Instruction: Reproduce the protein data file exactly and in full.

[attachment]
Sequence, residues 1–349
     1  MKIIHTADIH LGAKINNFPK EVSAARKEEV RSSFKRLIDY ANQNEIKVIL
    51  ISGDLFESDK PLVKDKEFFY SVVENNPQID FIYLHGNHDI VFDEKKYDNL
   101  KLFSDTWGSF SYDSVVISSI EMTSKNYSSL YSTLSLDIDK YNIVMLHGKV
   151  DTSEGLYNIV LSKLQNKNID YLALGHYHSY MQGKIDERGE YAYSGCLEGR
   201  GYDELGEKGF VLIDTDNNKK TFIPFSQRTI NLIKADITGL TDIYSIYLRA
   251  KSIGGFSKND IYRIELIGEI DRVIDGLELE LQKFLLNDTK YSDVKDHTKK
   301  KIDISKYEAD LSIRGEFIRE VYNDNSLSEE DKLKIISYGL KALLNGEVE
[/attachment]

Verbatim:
Sequence, residues 1–349
     1  MKIIHTADIH LGAKINNFPK EVSAARKEEV RSSFKRLIDY ANQNEIKVIL
    51  ISGDLFESDK PLVKDKEFFY SVVENNPQID FIYLHGNHDI VFDEKKYDNL
   101  KLFSDTWGSF SYDSVVISSI EMTSKNYSSL YSTLSLDIDK YNIVMLHGKV
   151  DTSEGLYNIV LSKLQNKNID YLALGHYHSY MQGKIDERGE YAYSGCLEGR
   201  GYDELGEKGF VLIDTDNNKK TFIPFSQRTI NLIKADITGL TDIYSIYLRA
   251  KSIGGFSKND IYRIELIGEI DRVIDGLELE LQKFLLNDTK YSDVKDHTKK
   301  KIDISKYEAD LSIRGEFIRE VYNDNSLSEE DKLKIISYGL KALLNGEVE